Morning Glory would expand
Morning Glory Farm, the Athearn family's popular farm and store on Edgartown-West Tisbury Road in Edgartown, plans a renovation and expansion project that will nearly double the retail space, expand the commercial kitchen, add parking, and move the entrance to the farm stand.
The Martha's Vineyard Commission (MVC) is currently reviewing the proposed expansion as a development of regional impact (DRI). The project was the subject of public hearing on December 17, and will be the main topic next Monday when the commission's land use planning committee meets. Deliberation and a vote are scheduled for January 7.
The process has been complicated by the position of farm owner Jim Athearn, who is both a MVC commissioner and the applicant. Mr. Athearn has not attended or participated in any of the proceedings involving the Morning Glory Farm application. His wife, Deborah, and son, Simon, have represented the business as the farm seeks a permit.
Mr. Athearn was not always pleased with what he called an "arduous" process. "I don't like paying the fee and having specialists prepare plans that I usually do on graph paper," he said.
The expansion project would demolish parts of the existing farm stand and add a 2,390-square-foot building for retail produce and food sales.
"The main reason is we don't have enough space for retail," Ms. Ahearn said. "We can't even display all the items we're pulling out of the fields. It's not really going to change a whole lot, except for a little more elbow room."
A large greenhouse near the farm stand will be moved, and replaced with a much smaller greenhouse much closer to the farm stand. The new greenhouse will be designed as a retail space, where customers can browse and select products.
Letters and public testimony for the project were overwhelmingly favorable, according to MVC staffers. Commissioners have closely examined the issues of traffic and nitrogen loading from farming activities of the fresh water aquifer and the Edgartown Great Pond watershed during the permitting process.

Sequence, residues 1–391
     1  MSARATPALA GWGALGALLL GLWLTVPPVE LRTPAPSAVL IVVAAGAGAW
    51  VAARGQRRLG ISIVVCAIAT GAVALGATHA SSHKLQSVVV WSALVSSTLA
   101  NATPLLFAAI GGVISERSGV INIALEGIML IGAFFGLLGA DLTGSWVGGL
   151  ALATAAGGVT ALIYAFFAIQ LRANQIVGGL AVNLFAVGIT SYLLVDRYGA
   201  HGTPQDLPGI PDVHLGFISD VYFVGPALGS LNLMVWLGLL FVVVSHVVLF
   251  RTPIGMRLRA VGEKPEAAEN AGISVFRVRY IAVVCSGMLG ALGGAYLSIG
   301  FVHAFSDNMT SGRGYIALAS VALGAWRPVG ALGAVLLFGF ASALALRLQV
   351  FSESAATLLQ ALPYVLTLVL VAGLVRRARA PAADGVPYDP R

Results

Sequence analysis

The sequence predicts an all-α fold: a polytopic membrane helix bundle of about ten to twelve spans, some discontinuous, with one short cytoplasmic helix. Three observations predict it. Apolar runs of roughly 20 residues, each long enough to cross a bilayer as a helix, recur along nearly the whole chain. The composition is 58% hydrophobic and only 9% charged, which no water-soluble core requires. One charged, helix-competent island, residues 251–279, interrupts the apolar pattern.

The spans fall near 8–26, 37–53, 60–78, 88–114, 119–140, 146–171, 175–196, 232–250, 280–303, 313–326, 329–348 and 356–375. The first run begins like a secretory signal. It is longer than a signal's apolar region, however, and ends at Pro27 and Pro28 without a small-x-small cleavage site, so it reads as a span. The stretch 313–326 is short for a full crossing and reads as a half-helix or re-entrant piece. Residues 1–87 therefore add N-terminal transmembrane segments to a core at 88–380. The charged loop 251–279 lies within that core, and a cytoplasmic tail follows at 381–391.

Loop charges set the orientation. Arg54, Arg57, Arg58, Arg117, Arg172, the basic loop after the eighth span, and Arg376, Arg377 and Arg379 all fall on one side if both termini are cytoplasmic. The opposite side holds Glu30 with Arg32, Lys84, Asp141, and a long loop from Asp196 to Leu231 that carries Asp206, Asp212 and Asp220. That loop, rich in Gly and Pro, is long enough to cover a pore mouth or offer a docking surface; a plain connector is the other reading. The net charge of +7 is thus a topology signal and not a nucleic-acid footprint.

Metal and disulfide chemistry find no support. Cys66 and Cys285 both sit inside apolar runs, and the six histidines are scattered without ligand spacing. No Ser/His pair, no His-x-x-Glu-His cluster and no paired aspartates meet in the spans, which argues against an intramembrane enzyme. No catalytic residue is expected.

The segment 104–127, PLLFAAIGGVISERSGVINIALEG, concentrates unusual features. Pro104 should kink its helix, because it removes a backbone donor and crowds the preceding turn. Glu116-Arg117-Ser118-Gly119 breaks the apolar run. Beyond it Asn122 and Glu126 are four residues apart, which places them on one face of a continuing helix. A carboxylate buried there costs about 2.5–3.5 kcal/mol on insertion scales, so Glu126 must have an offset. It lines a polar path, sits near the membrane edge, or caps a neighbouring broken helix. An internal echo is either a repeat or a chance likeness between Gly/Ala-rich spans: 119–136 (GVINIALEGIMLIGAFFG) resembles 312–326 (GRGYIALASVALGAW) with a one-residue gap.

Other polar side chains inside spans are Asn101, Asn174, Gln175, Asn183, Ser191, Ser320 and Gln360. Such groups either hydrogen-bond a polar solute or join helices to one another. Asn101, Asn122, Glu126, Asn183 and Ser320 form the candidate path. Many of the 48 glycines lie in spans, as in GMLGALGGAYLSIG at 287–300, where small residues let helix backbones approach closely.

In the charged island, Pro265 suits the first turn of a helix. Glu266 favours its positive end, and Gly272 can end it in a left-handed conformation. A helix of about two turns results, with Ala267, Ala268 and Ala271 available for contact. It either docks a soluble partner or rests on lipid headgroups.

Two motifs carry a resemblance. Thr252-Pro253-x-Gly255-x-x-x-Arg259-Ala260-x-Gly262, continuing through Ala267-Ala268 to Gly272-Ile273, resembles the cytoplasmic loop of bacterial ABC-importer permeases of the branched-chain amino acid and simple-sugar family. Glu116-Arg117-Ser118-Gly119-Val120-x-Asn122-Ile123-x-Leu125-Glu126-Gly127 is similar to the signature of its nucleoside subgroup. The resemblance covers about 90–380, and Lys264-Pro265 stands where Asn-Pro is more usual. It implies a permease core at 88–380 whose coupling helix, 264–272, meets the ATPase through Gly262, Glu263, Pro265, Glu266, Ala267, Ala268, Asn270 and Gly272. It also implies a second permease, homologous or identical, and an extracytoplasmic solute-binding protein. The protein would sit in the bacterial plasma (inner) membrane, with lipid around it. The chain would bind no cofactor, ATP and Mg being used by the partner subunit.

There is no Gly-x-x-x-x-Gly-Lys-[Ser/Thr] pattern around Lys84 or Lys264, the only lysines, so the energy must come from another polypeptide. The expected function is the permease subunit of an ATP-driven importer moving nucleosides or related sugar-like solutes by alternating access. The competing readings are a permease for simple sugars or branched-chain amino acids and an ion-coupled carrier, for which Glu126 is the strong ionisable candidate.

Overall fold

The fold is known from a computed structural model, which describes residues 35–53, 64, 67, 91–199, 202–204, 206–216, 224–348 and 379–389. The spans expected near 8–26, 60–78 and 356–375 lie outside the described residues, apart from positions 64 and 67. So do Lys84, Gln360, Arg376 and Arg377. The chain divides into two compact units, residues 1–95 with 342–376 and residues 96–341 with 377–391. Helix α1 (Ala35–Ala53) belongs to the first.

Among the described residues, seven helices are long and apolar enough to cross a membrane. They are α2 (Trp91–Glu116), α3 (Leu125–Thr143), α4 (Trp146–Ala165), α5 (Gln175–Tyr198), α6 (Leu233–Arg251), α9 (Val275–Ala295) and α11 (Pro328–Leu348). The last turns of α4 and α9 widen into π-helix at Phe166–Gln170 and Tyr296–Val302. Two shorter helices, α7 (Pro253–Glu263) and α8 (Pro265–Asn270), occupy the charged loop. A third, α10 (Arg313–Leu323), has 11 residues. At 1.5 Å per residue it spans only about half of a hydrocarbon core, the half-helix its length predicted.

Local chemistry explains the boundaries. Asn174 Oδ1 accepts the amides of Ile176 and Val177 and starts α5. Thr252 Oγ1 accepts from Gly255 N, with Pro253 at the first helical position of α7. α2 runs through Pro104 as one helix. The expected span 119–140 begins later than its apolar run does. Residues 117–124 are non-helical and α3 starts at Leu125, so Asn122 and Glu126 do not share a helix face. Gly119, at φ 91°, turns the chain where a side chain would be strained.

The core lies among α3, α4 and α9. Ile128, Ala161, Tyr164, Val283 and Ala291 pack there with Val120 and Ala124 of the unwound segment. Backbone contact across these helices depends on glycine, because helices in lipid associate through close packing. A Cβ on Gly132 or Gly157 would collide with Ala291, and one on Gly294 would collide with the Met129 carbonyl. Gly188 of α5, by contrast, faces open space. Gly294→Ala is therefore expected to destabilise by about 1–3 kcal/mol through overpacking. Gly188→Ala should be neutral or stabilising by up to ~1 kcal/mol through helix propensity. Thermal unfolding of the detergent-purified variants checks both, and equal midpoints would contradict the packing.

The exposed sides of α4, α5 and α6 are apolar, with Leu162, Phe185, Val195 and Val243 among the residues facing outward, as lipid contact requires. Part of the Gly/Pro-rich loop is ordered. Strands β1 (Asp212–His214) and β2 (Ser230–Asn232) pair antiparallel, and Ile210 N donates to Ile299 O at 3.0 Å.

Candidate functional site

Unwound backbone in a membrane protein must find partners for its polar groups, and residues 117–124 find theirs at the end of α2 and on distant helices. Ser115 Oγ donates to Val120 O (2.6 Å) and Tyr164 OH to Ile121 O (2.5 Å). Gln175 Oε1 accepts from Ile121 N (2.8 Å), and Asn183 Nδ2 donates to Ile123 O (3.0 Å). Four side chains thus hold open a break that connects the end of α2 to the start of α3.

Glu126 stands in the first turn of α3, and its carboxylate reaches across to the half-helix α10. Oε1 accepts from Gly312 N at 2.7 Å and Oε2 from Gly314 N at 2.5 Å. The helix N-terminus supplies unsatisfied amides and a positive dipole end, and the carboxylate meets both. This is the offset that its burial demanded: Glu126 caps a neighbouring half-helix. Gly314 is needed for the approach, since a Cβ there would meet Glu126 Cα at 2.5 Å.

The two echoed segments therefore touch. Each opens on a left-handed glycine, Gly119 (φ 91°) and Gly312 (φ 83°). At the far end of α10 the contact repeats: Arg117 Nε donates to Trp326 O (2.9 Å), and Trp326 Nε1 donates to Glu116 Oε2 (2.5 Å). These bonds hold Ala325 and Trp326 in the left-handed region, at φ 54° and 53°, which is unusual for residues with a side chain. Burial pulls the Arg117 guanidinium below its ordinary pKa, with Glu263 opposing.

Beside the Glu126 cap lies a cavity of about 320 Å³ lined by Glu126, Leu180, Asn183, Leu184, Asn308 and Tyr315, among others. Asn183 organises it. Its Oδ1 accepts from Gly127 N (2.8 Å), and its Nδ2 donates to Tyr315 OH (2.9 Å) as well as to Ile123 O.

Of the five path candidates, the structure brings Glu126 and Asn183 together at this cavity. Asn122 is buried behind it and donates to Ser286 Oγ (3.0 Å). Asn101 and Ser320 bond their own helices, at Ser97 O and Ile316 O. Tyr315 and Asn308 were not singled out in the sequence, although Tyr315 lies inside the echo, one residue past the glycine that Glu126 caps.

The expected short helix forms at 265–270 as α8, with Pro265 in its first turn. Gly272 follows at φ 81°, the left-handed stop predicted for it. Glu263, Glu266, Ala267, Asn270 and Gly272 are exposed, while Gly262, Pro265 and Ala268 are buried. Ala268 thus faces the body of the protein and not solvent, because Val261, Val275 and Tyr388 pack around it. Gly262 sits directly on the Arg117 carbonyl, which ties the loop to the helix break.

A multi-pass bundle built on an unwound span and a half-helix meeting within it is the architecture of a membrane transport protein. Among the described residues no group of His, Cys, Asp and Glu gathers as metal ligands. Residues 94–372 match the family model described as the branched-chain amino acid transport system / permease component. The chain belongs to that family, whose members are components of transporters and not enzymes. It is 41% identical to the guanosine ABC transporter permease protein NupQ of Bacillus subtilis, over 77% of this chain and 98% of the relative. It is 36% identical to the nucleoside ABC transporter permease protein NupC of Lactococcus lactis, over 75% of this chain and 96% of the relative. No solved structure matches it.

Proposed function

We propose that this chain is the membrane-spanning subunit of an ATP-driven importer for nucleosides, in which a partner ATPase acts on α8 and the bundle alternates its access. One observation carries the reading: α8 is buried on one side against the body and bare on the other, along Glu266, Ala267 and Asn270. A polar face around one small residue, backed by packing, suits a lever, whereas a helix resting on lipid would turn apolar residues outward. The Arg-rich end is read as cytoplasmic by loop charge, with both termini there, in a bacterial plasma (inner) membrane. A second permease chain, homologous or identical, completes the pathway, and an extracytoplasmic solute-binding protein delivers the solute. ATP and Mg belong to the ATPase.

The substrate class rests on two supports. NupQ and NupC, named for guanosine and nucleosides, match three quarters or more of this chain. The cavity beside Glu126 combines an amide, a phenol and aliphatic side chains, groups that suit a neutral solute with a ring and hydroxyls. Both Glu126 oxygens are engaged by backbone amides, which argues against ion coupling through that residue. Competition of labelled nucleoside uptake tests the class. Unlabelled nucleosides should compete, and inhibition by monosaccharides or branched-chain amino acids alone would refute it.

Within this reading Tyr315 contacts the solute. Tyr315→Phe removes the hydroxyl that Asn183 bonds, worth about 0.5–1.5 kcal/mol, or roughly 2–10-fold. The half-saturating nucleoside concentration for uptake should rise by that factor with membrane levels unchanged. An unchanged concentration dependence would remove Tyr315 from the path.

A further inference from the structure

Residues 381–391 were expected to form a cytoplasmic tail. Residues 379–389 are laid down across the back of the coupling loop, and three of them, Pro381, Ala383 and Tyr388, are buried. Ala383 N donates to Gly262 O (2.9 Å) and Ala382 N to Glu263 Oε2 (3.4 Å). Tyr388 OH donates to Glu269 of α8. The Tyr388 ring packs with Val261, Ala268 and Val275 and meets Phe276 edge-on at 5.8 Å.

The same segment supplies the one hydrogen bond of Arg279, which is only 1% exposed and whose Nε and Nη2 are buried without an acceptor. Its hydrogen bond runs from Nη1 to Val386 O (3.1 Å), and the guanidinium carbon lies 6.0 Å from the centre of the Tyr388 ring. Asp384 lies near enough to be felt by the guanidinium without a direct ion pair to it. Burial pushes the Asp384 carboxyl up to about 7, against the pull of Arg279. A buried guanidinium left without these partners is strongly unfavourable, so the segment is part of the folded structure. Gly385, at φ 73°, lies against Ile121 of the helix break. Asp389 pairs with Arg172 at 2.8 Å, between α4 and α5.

The nitrogen issue is very complex. The expansion of the building, the kitchen, and the future addition of staff is expected to increase the amount of nitrogen released by the farm. It sits in the Edgartown Great Pond watershed. The pond already suffers from an excess of nitrogen, according to a state study.
Morning Glory Farm is already releasing more nitrogen than MVC guidelines suggest. But the policy was designed for residential and commercial property, not agriculture enterprises. On some of its crops, the farm already employs organic growing techniques, which release significantly less nitrogen than synthetic fertilizers.
MVC water resource planner Bill Wilcox has presented a proposal under which the farm could meet the nitrogen level policy. The proposal gives the farm credit for nitrogen reduction already practiced, and provides for converting more of their crops to organic production. But the scenario involves some mathematical gymnastics that were questioned by some commissioners.
The other issue prompting questions from several commissioners is traffic and parking. According to the staff report, the expansion is anticipated to generate 314 trips for an average weekday, and 45 trips during peak hours. That is an increase of 120 trips, and 17 peak hour trips from the current traffic level. The numbers are based on a traffic study conducted by MVC staff and standard calculations used by transportation engineers. Because of the unusual nature of the Vineyard tourist season, staffers caution that the number of trips could be much higher, or much lower, depending on the season.
The proposal calls for an additional 13 parking spaces. The parking area now has 49 spaces. Employee parking would be relocated to free up more spaces.
Commissioners were concerned about traffic waiting to turn into the farm. "Occasionally in August, when things were crazy, cars would back up to the West Tisbury Road," Ms. Athearn said. Plans call for moving the farm stand entrance approximately 160 feet further up Meshacket Road, and further away from West Tisbury Road, according to Ms. Athearn. She said she believes that, with the added parking spaces, cars will not back up waiting to get into the parking lot.